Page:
Eco ego

by Rob Horning

14 September 2010


More entertainment-ad blogging. On the way up the stairs from my subway stop at 49th St. is a poster for what I guess is a new TV show starring Will Arnett (Gob from Arrested Development) and Keri Russell called Running Wilde—I know, I know, with a funny pun like that as the title, it couldn’t possibly fail—or fail to be hilarious. This is the poster I am talking about:

It’s probably been up for a few weeks, but today was the first day I realized that it does not read “Ego meets ego.”

I can’t decide whether my misreading is a matter of my believing that promoting one’s interest in “eco” is really all about “ego,” or if I just see two large head shots of celebrities and automatically assume two big egos. Either way, this show will certainly contribute to the elision of the two by stereotyping eco-consciousness as a personality trait rather than a set of policy positions or political beliefs. Maybe the tagline is meant to be open to a double reading, and this show will illustrate the point at which ego and eco become inseparable.

Eco, we are supposed to assume from this poster, is a lifestyle choice, a potential character flaw marked by carrying a stainless-steel water bottle, which is just as absurd in its way as drinking champagne for no special reason. Arnett is probably putatively the butt of the show’s jokes, being an obnoxious and semi-clueless Archie Bunker type whom audiences, the producers hope, will secretly love for his refusal to cave to the PC-obsessed termagant Russell presumably plays. Then the producers get to have ii both ways—they can claim to be progressive by showing anti-greens to be louts while actually giving succor to those louts and dignifying them with all the laugh lines.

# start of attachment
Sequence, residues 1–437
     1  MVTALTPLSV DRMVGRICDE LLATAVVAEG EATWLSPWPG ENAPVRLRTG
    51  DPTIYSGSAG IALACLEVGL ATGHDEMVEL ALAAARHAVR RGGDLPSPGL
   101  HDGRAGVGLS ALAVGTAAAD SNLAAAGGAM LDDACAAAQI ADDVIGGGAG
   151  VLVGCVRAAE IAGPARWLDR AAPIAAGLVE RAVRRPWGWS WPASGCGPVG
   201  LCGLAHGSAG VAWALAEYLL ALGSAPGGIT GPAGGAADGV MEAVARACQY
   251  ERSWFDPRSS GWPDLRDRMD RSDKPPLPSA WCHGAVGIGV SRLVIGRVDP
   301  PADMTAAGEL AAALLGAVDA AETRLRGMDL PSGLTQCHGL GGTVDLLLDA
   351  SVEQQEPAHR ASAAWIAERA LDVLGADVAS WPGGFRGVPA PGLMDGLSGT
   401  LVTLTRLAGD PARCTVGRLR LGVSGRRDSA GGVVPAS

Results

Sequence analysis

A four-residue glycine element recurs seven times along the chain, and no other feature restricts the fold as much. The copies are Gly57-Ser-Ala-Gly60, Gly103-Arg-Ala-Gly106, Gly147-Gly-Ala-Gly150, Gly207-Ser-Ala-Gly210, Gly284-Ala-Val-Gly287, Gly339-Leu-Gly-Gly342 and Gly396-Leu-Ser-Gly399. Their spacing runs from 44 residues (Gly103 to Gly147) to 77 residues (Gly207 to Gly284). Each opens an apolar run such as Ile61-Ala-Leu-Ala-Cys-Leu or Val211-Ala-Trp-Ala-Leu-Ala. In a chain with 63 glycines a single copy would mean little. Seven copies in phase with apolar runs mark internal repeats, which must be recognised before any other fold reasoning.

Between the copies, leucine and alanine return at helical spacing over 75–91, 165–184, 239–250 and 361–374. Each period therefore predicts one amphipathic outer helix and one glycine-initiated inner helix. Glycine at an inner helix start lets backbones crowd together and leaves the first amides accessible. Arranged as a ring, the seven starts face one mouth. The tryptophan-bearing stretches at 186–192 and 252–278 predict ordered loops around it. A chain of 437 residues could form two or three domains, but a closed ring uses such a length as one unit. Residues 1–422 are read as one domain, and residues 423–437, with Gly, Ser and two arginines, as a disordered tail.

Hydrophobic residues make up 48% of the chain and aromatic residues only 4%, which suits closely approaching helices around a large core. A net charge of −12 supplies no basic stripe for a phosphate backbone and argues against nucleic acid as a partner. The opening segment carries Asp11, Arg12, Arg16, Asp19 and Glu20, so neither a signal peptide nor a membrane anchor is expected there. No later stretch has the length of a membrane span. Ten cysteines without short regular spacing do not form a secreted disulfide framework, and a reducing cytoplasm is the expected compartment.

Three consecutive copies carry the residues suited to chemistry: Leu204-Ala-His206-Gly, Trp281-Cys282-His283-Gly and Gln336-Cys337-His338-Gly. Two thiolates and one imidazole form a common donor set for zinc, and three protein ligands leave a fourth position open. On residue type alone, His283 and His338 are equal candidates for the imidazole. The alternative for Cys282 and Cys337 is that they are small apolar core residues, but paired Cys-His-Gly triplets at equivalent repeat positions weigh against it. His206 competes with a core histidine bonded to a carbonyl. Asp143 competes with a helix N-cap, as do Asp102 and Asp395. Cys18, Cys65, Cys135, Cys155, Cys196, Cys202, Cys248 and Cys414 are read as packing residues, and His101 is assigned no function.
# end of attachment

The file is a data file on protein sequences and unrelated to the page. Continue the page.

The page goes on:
I am always surprised at how often people make a point of saying that they are not “PC,” as if anybody really supports the kind of Thought Police fascism that is meant to evoke. Usually they say it precisely when they are trying to be sensitive, when they realize that they are not going to air some lazy stereotype or are even about to argue against one. But PC remains there for them to rebel against and establish themselves to be what passes in much of America as reasonableness—that is, pretending to not really care about other people’s sensitivities. A chief thrust of right-wing ideology is invested in making green and “eco” the heirs to their earlier success with “politically correct,” turning them into bywords for phoniness and self-righteousness that “ordinary” people everywhere will strive to define themselves against.

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